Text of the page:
PHAP: Price control on medicine detrimental to patients

Sheila Crisostomo - The Philippine Star
PHAP: Price control on medicine detrimental to patients
PHAP executive director Teodoro Padilla said having price ceilings on medicines would “kill small retailers and force manufacturers to reconsider plans to launch new medicine in the country.”
Manjunath Kiran / AFP

MANILA, Philippines — Imposing price controls on medicines will be detrimental to patients, pharmacists and drug stores, the Pharmaceutical and Healthcare Association of the Philippines (PHAP) said yesterday.

PHAP executive director Teodoro Padilla said having price ceilings on medicines would “kill small retailers and force manufacturers to reconsider plans to launch new medicine in the country.”

“Drug companies may even withdraw existing products, hurting patients instead of helping them,” Padilla said.

“Price control, while beneficial on the surface, has been found counterproductive and eventually withdrawn in other countries, including China. Other countries found that strong market competition trumps any price intervention,” he added.

The PHAP issued the statement in reaction to a proposal of the Department of Health (DOH) to place 120 medicines under Maximum Drug Retail Price (MDRP).

The 120 medicines are for leading diseases and catastrophic conditions in the Philippines such as hypertension, diabetes, cardiovascular diseases, chronic lung diseases, neonatal diseases and cancer.

These medicines cover high cost treatments for chronic renal diseases, psoriasis and rheumatoid arthritis at the request of patient groups and medical societies.

Padilla said that when price control was imposed in 2009 under the first MDRP, the industry lost P11 billion, small retailers closed down or were sold to bigger chains and the targeted patients were not able to buy at all or at the right dosages.

“We have been asking for a meeting with our officials to explain that there is a better way, that our prices are comparable to ASEAN countries and that price control on medicines doesn’t work. We hope we can explain our side before the government makes a decision on the proposed MRP,” Padilla said.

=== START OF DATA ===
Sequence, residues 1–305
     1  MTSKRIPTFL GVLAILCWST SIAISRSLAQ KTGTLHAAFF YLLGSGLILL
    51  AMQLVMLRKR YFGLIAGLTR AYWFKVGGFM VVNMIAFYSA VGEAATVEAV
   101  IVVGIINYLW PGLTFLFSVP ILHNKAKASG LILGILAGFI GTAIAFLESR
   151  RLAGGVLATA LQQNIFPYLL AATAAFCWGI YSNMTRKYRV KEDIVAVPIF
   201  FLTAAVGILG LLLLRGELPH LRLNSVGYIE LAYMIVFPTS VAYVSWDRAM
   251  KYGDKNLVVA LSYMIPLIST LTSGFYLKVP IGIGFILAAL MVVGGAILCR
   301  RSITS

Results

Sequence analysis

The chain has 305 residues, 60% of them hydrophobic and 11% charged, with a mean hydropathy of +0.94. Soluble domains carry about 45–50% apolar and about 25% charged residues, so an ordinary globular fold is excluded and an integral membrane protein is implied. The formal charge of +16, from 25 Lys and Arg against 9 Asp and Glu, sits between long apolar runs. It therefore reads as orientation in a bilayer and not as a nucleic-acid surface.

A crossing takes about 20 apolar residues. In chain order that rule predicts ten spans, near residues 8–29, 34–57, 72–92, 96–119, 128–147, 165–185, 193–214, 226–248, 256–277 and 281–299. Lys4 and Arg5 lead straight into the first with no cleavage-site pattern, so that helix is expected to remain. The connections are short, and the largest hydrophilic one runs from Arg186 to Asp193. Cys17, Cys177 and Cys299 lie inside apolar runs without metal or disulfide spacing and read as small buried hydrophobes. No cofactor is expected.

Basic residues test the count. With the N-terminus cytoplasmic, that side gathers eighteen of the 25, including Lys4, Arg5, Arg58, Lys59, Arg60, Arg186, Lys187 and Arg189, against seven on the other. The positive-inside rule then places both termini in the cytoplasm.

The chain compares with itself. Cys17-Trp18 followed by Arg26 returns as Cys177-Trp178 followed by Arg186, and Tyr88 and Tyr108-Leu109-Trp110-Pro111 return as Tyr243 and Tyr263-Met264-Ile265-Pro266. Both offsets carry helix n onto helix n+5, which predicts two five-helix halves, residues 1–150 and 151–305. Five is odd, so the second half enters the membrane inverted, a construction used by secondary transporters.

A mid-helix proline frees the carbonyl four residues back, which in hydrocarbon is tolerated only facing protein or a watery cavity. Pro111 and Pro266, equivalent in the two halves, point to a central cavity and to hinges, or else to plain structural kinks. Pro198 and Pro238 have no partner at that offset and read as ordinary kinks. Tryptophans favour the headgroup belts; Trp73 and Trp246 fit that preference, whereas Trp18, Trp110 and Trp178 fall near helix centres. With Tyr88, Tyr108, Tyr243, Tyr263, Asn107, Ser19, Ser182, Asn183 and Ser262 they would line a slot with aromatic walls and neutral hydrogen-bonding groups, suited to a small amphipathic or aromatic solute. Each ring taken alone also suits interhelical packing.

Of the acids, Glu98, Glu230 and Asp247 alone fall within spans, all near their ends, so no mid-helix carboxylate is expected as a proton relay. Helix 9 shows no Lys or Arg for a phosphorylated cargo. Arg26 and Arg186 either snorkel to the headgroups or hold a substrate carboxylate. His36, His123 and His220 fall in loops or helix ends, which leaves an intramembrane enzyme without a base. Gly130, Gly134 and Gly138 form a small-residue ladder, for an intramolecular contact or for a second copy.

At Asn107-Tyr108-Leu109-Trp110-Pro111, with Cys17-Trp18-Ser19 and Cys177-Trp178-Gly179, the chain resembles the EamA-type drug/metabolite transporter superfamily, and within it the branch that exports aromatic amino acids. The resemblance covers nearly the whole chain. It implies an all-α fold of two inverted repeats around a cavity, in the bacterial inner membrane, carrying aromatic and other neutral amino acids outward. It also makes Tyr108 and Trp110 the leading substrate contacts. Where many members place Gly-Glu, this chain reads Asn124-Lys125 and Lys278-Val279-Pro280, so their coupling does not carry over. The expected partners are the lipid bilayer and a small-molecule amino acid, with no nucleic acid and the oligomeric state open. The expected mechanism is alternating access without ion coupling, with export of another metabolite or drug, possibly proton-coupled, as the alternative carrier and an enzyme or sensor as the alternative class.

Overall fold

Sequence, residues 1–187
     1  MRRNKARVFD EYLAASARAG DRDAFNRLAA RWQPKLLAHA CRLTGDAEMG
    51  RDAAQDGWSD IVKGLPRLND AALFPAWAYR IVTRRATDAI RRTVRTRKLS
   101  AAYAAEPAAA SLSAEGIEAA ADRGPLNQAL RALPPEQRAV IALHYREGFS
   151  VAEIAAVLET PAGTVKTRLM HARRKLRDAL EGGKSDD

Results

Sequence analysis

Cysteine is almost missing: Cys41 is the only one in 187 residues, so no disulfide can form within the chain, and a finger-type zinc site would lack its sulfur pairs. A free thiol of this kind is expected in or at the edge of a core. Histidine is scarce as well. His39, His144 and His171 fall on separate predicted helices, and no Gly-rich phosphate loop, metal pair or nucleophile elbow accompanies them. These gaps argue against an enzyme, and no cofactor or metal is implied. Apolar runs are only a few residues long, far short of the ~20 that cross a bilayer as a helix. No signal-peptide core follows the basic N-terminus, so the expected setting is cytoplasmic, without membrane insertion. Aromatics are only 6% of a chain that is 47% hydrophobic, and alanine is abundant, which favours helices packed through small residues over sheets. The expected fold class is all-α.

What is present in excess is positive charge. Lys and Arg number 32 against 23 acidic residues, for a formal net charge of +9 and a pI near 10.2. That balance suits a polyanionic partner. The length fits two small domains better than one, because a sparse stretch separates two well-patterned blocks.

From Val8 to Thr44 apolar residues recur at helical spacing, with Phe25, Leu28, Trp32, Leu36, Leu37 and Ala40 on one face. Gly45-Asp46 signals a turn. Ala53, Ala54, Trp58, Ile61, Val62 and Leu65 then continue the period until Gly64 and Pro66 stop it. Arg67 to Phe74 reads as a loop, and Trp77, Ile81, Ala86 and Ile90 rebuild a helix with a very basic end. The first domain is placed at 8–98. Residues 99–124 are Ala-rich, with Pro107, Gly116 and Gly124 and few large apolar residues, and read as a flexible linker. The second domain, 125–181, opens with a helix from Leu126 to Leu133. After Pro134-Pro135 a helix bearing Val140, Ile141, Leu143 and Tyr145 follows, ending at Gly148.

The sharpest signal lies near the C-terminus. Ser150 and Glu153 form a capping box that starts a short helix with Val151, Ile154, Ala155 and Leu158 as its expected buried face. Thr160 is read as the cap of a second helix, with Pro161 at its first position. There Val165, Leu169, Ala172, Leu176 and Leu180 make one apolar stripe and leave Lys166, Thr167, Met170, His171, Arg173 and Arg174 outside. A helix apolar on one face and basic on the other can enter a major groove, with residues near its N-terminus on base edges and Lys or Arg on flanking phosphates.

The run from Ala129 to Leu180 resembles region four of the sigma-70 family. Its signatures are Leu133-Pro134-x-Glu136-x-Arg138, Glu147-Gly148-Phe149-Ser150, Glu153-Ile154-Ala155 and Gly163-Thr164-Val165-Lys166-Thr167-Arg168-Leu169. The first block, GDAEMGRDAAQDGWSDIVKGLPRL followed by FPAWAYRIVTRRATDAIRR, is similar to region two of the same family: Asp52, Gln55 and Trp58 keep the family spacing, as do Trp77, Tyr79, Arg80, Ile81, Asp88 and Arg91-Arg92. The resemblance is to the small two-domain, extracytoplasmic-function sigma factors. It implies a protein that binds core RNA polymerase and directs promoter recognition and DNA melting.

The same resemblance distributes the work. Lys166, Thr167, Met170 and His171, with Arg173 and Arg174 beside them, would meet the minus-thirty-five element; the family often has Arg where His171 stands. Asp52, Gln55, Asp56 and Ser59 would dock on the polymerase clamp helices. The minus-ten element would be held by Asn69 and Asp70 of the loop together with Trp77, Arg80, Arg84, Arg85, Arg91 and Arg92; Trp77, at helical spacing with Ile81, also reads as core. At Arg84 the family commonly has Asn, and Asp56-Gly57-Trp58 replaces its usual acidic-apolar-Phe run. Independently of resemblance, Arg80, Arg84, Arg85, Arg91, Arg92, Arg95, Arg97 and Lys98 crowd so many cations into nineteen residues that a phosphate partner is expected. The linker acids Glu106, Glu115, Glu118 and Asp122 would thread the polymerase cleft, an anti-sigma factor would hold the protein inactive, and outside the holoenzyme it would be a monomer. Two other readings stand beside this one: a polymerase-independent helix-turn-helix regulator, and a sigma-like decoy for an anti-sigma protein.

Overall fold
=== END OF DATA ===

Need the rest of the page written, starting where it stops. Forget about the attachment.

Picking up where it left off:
He said that competition is robust in the industry with 350 manufacturers, 9,000 distributors and 23,000 retailers available, allowing the public to choose between branded and generic medicines.

Padilla said a viable solution is for the DOH to make available the cheapest medicines because of lower procurement cost from pharmaceutical companies.

This is made possible through bulk purchases by the government from pharmaceutical companies.

“Our prices under this arrangement are low, that medicine in government hospitals are priced at times at a fraction than those in the open market,” he said.

PHAP has offered to help the government work out a system for this.

“We have been supportive of the efforts of the government to make medicine accessible to all. This one is doable and does away with government budgets in the long run. We are ready to be part of the solution,” Padilla said.

Health Secretary Francisco Duque III has asked pharmaceutical companies to be sensitive to the needs of patients.

Duque said that “extremely expensive drugs are poverty converter” and this is the reason why the DOH wants to impose a price ceiling on the most costly, but most needed, medicines in the country.

“It is almost unconscionable for a country like ours, which is a middle income country where the prices of anti-cancer drug, for instance, are higher than in countries much richer than us,” Duque said.

He said the Philippine market is huge and such pronouncements by the PHAP are intended to protect their profit.

Duque said that while PHAP is making efforts to bring down the prices of medicine, it does not have control over the pricing in hospitals, pharmacies, retailers and distributors.

“That’s why there is no other choice except MDRP because this will address the pricing structure throughout the supply chain,” he said.




  • Latest
  • Trending
Are you sure you want to log out?

Philstar.com is one of the most vibrant, opinionated, discerning communities of readers on cyberspace. With your meaningful insights, help shape the stories that can shape the country. Sign up now!

or sign in with